More than 80% poor resided in rural areas in 1973-74 which remained unchanged in 2011-12. More than three- fourth of the poor are from rural areas.
The absolute number of poor declined in rural areas but increased in urban areas. The poverty ratio declined for both.
State-level Trends in Poverty
During 1973-2012, the proportion of poor fell from 55 to 22%.
Six states – Tamil Nadu, Uttar Pradesh, Bihar, Madhya Pradesh, West Bengal, and Orissa had a large section of poor. This was reduced considerably during 1973-2012.
Four states – Odisha, Madhya Pradesh, Bihar, and Uttar Pradesh are in a better position compared to the national poverty rate.
What Causes Poverty?
1. Social, economic, and political inequality
The British rule in India severely aggravated poverty. Our resources were plundered, high taxes were imposed, and goods were procured from India at very low prices.
2. Social Exclusion
Minorities like the Scheduled Castes and Scheduled tribes are not able to grab economic opportunities due to a lack of knowledge and skills due to years of social exclusion.
Farmers are often unable to pay loans they had taken for agricultural and domestic needs on the occasion of crop failure due to natural calamities.
India is a country where chronic unemployment and underemployment are widespread phenomena. Poverty is a reflection of unemployment.
5. Unequal distribution of wealth
The government has tried to redistribute resources since independence by taking the land away from those who have it in large amounts and giving it to those who do not have any. But this was hardly successful because the poor did not have the money or skills to make good use of the land.
6. Lack of infrastructure
Economic infrastructure – energy, transportation, communication; and social infrastructure – education, health, and housing were largely deficient.
7. Pressure of population
The population has been trending up at a rapid pace due to the falling death rate. The heavy pressure of the population adds to the dependency burden, implying greater poverty.
Policies and Programmes towards Poverty Alleviation
The government's approach to combat poverty was three-dimensional.
Acceleration of Economic Growth – It was expected that a rapid increase in GDP and per capita income would spread to all sections of society and eradicate poverty. Rapid industrialization and agricultural transformation through the Green Revolution were expected to benefit the backward and underdeveloped regions.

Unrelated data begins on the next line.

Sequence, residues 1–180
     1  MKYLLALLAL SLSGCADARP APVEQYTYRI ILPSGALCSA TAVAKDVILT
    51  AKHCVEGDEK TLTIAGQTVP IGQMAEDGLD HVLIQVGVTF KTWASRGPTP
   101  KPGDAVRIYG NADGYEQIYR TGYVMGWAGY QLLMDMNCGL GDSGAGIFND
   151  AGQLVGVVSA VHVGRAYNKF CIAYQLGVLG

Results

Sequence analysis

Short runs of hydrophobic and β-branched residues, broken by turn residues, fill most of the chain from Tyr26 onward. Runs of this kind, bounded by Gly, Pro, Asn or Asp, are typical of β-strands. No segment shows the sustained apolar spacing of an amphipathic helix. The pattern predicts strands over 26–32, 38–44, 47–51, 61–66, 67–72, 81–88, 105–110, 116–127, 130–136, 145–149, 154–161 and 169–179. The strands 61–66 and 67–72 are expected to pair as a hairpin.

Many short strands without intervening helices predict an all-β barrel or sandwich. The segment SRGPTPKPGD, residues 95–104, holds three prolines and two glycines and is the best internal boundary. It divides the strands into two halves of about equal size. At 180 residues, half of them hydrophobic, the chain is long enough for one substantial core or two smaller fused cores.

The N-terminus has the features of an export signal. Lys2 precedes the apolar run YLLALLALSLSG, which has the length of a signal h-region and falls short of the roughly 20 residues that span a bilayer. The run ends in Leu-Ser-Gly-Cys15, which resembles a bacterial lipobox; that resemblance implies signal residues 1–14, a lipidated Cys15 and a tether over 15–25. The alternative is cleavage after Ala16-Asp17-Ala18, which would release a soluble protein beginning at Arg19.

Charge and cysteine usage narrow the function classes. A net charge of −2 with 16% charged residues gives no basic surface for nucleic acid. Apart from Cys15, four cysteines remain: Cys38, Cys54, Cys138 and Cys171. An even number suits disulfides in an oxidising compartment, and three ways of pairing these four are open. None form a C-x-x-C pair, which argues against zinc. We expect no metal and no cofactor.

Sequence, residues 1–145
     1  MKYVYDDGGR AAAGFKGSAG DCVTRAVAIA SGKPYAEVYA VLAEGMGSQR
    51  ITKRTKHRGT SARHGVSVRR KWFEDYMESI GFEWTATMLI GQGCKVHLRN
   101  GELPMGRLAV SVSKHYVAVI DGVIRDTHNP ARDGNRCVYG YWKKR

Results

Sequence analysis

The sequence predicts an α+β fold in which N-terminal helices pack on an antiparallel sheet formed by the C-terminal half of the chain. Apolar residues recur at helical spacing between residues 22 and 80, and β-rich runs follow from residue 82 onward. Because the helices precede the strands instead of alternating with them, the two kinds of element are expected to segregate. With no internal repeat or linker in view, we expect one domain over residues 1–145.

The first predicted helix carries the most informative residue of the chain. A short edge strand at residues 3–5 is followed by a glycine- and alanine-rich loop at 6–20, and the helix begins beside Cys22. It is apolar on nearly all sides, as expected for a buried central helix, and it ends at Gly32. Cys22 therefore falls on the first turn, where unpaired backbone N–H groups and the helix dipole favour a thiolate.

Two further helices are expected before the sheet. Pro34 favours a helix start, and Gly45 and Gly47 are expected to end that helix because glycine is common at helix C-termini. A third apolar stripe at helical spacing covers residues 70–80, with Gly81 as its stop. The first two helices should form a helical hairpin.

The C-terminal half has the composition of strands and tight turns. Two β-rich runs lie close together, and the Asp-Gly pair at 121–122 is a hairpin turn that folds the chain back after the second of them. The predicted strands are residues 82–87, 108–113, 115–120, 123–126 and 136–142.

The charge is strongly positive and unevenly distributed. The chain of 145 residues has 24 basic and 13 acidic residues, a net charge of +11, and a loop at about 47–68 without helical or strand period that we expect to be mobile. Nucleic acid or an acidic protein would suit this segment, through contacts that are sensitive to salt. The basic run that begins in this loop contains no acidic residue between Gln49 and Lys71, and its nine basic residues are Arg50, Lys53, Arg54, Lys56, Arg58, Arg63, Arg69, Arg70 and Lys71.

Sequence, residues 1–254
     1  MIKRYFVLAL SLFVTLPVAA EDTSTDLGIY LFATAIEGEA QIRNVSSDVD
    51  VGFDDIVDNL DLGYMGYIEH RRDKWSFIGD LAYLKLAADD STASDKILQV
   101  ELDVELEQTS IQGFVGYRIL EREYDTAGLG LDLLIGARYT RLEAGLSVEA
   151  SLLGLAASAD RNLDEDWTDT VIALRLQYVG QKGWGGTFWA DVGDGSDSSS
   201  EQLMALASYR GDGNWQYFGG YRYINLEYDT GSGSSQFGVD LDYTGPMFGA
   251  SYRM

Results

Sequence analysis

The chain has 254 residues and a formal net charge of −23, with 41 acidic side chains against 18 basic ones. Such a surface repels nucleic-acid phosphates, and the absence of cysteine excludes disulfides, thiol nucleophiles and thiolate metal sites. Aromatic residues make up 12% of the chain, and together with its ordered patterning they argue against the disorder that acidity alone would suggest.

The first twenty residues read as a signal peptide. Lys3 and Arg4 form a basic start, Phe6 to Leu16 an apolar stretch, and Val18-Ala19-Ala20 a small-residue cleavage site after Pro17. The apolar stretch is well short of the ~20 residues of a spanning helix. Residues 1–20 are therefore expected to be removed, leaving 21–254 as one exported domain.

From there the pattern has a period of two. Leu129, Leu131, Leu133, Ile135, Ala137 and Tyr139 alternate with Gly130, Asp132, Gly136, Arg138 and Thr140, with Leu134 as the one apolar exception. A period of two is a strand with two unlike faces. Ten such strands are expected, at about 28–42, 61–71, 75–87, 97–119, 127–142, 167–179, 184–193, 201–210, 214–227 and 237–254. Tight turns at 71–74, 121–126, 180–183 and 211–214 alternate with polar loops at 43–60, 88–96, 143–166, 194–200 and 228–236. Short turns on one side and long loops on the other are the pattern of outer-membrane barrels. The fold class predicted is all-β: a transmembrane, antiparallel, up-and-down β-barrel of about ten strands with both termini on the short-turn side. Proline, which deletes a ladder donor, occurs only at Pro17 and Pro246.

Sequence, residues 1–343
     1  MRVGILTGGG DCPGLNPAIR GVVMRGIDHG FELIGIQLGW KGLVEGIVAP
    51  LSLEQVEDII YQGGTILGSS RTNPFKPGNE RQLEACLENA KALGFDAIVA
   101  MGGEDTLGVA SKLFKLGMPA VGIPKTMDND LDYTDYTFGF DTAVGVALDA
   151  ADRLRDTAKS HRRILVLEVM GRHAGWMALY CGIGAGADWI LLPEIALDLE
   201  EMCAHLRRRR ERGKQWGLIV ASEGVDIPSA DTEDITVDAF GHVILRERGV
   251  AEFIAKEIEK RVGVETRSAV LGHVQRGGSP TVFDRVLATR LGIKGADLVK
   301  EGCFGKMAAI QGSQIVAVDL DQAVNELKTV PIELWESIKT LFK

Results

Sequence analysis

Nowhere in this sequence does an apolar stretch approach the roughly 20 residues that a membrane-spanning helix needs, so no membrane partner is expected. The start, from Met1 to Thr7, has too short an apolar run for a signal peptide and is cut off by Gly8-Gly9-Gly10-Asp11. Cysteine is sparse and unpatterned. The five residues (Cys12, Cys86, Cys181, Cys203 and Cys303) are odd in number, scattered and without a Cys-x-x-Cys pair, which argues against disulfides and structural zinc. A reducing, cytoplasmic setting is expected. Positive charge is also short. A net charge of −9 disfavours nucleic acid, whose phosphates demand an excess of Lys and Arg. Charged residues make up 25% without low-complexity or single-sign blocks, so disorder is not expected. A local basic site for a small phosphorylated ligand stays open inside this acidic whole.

Employment Generation – Income could be raised for the poor through the generation of work. The government aimed to achieve this through poverty alleviation programs.
Basic Amenities – The government aimed at providing basic amenities to people through various schemes like Public Distribution System, Poshan Abhiyan, and Midday Meal Scheme.
Poverty Alleviation Programmes
1. Prime Minister’s Rozgar Yojana
This scheme aims to create self-employment opportunities in urban areas for the educated unemployed.
This scheme facilitates the educated unemployed people to get financial help to set up any kind of enterprise.
2. Mahatma Gandhi National Rural Employment Guarantee Act (MNREGA)
Under the scheme, all those who are willing to work at the minimum wage are offered work for a minimum period of 100 days
Those seeking jobs are to report in rural areas where the program is being launched.
Around 5 crore people were granted employment under this scheme.
3. Swarna Jayanti Shahari Rozgar Yojana (SJSRY)
The objective of this program is to provide self-employment or wage employment to urban unemployed or underemployed persons.
It consist of two schemes – Urban Self – Employment Programme (USEP) and Urban Wage Employment Programme (UWEP)
4. Pradhan Mantri Jandhan Yojana
Launched in 2014, this scheme encouraged people in India to open bank accounts. Not only does it promote saving habits, but also lets the government transfer all the benefits of schemes and subsidies directly into the bank accounts
Programs like Pradhan Mantri Gram Sadak Yojana and Valmiki Ambedkar Awas Yojana are aimed at improving infrastructure and housing facilities in India.
Critical Assessment of Poverty Alleviation Programmes